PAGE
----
Several weeks ago, Dan Meyer described his experience of completing 88 practice sets in Khan Academy’s eighth-grade online mathematics course. His goal was to document the types of evidence the Khan Academy asked students to produce of their mathematical understanding. Dan’s findings were disappointing: He concludes that 74% of the Khan Academy’s eighth-grade questions were either multiple choice or required nothing more than a numerical response.
By contrast, Dan notes that the Smarter Balanced Assessment Consortium (SBAC) has a stronger focus on questions that ask students to “construct,” “analyze,” and “argue” as a way to test their understanding of Common Core mathematics. A Khan Academy diet of multiple-choice items and numeric answers would seem ill suited to helping students prepare for the types of mathematical reasoning expected by the Common Core.
What might explain the mismatch between the Khan Academy’s offerings and the demands of the Common Core? Dan Meyer’s answer is a practical one: Our ability to assess students’ mathematical understanding with technology is primitive. He explains, “Khan Academy asks students to solve and calculate so frequently, not because those are the mathematical actions mathematicians and math teachers value most, but because those problems are easy to assign with a computer in 2014. Khan Academy asks students to submit their work as a number or a multiple-choice response, not because those are the mathematical outputs mathematicians and math teachers value most, but because numbers and multiple-choice responses are easy for computers to grade in 2014.”
Dan’s comments about the difficulty of authoring rich, computer-gradable mathematics tasks reminded me of work that Steve Rasmussen, Scott Steketee, Nick Jackiw, and I undertook several years ago. We set out to discover whether Sketchpad could deliver assessment items that would engage students in dynamic mathematical models and have them demonstrate their understanding through their interactions with the models. Starting with this blog post and in the next two or three to follow, I’ll share some of our assessment ideas.
I’ll state upfront that our examples are not revolutionary—these are mathematical tasks that are several notches above numerical answers and multiple-choice responses, but they’re still based on traditional content. Nonetheless, they are representative of what can be done now with Web Sketchpad, and they point the way to more ambitious possibilities.
I’ll start with a question that assesses students’ basic understanding of isosceles triangles. Read the multiple-choice item below. It’s a straightforward question, and if a student knows the definition of an isosceles triangle, there isn’t any thinking required. Indeed, even if a student knows nothing about isosceles triangles, she might still pick the correct triangle, as only one triangle visibly differs from the others in having two of its angles equal.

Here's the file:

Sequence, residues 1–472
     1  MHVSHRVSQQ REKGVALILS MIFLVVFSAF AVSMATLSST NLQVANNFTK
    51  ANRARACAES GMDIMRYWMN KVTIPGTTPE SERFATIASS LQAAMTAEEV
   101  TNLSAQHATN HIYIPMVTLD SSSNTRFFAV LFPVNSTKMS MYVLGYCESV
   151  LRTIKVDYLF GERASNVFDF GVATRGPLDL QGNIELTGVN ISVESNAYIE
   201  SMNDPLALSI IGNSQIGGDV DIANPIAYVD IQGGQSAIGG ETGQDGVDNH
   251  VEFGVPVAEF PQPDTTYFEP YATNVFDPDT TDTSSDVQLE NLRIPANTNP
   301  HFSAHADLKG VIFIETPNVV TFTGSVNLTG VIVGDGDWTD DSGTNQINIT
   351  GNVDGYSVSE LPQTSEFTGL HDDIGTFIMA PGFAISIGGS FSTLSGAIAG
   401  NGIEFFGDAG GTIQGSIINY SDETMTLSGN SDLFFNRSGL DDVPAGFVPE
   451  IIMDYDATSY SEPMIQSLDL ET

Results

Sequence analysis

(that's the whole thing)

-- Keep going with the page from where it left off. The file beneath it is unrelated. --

Now, consider the assessment task below. It again centers on the fundamental definition of an isosceles triangle, but it is different from its static counterpart above. Rather than pick which of four triangles is isosceles, students are given a single triangle—one whose lengths and angles can be changed by dragging its vertices—and are asked to make it isosceles. The multiple-choice question had just one right answer; this dynamic version yields numerous solutions. Any isosceles triangle the student creates, whether it be one with angle measures 2°, 2°, and 176° or 50°, 50°, and 80°, counts as correct.
When compared to the passivity of identifying an isosceles triangle, the engagement required to make an isosceles triangle feels like a step up on the assessment ladder. But with better assessments comes the question of how we should grade them. The multiple-choice version is clear enough—a student’s answer is either right or wrong with no room for partial credit. But grading the dynamic version is thornier. Answering the question requires a student to use a mouse, a trackpad, or perhaps her finger to position the triangle’s vertices. Try this yourself with the Web Sketchpad model above. It can be surprisingly tricky to get the triangle’s angles to match the values you have in mind!
The motor skills needed to adjust the angles precisely led us to factor in some forgiveness to the scoring, shown below. If a student drags the triangle so that two angles are either 1 or 2 degrees apart, we award him partial credit and the benefit of the doubt, assuming that his unrealized goal was to create two congruent angles.
Are we too generous? Perhaps. But if a computer-based assessment item makes genuine use of the opportunities offered by technology (dragging, constructing, measuring, etc.) then we have to consider whether students have enough exposure to the technology prior to the test so that the assessment measures their mathematical understanding and not their proficiency with the software (Of course, if the assessment is grounded in poorly designed software, then no degree of practice may make a difference!)
Finally, imagine taking this isosceles triangle item to the next level of assessment sophistication. Rather than provide students with a triangle, we start them with a blank screen and a circle and segment tool. Using these tools, their goal is to construct a triangle that stays isosceles no matter how its vertices are dragged. This is a great example of a meaningful construction task, but it raises several questions:
- Will Common Core curricula commit to making computer-based constructions a part of their content?
- Can teachers devote enough time to such construction tasks so that students are prepared for them when assessed?
- Can we find a way for computers to grade construction tasks?
I’m curious to hear what you think!